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Rostropovich Cello Competition

Mstislav Rostropovich, playing the celloI plugged the qualifying test hearings of the Rostropovich Cello Competition in my weekly column at DCist on Sunday. The North American qualifying round is being held here in Washington this week, at the Embassy of France, La Maison Française. Considering that you can hear 32 young cellists, over three days of hearings, for free, with Mstislav Rostropovich himself chairing the jury, this event has not received a lot of press. Sitting in on some of the qualifying hearings will make following the final competition, planned for November 9 to 20 in Paris, that much more interesting.

So Ionarts was there to hear about half of the first day's candidates on Tuesday afternoon. Prior to that, if someone had suggested that I listen to the Ligeti Sonata for Solo Cello four times in a row, I probably would have laughed. But there I was, doing precisely that. The competition rules for the qualifying test specify that the candidate must play two selections: the prelude (mandatory) and one or two dance movements of any one of the six unaccompanied cello suites by J. S. Bach, followed by the candidate's choice from a list of 20th-century unaccompanied works. How did the 32 candidates in Washington decide? Ligeti, 13; Crumb, 10; Hindemith, 5; Britten, 4. To my chagrin, no one at all chose to play the Sacher variations, either version, by Dutilleux or Lutosławski. For the third and fourth hearings of the Ligeti sonata on Tuesday afternoon, I heard one of the judges whisper, "Encore?" (Again?). What is it with young cellists and Ligeti?

Actually, that is one of the most interesting things about attending these qualifying tests. Who are the world's best young cellists and what do they like to play? Yes, they have to play certain things, but when given a choice, what do they choose? Not only Ligeti, since three of the four candidates I heard who chose Ligeti also chose Bach's sixth suite. According to the program, the oldest candidates are 32 years old (the cutoff age is 33), and the youngest is, jaw-droppingly, American Alan Toda-Ambaras, 14 years old (the closest to him in youth is another American, 16-year-old Sebastian Bäverstam). Most of the candidates are in their 20s.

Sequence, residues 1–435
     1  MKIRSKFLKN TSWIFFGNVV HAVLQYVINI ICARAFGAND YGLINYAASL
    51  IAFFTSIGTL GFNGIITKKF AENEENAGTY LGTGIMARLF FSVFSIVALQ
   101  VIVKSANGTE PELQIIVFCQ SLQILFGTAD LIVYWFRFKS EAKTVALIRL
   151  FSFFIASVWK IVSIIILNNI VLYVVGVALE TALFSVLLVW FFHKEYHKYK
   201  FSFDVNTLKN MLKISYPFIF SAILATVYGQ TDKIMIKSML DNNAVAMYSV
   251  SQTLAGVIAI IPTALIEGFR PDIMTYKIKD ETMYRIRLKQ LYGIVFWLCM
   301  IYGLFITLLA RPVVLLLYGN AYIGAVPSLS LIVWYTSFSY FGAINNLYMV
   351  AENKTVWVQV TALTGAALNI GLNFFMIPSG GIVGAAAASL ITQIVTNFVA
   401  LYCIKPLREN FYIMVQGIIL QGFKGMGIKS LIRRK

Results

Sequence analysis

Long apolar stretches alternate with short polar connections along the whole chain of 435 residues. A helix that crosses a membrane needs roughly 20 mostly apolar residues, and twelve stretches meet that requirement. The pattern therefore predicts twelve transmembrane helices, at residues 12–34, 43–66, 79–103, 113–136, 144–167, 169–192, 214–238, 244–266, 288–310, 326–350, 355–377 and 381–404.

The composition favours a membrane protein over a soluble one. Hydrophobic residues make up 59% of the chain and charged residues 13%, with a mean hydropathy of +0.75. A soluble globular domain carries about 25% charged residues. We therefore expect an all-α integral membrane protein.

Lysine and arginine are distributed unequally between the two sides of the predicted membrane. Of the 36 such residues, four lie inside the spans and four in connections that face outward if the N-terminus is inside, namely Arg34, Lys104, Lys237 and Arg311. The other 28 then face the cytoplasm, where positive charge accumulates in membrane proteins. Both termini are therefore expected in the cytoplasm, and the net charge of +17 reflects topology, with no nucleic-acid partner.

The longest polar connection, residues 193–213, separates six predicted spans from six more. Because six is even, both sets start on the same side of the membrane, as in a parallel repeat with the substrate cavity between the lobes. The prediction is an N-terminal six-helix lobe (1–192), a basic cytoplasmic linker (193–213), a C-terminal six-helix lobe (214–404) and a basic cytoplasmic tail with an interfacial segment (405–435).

The stress of competitions always creates some heartbreak, and there was some on Tuesday afternoon. However, to focus on the positive, I heard two exceptionally fine performances. French cellist Yves Dharamraj (graduated from Yale, now studying with Joel Krosnick at Juilliard) was my personal favorite, with a big, broad sound, great dynamic contrasts, and a good rhythmic pulse (Fournier-like) in the sixth suite's difficult prelude (maintained with stunning clarity in the 32nd-note section at the end). For my money, at a close second, was Spanish cellist Alexander Friedhoff (studies at Indiana and Rice), who in spite of the bad habit of very heavy, dramatic breathing, turned in a very good performance of the Ligeti sonata, with some fine qualities that competed seriously with that of Dharamraj. Who knows how the jury will call things, but I would not be surprised to see one or both of those players make it to the next round.

The qualifying tests continue (22 cellists remain to be heard in Washington) on Wednesday (August 3, from 2 to 6:30 pm) and Thursday (August 4, from 12 to 3:30 pm). You may hear them for free, at La Maison Française (4101 Reservoir Road NW), but you must make a reservation, by telephone (202-944-6090 or e-mail (

Cecelia Porter was at the qualifying tests on Wednesday (Cello Players Compete For Rostropovich's Ear, August 5) for the Washington Post.

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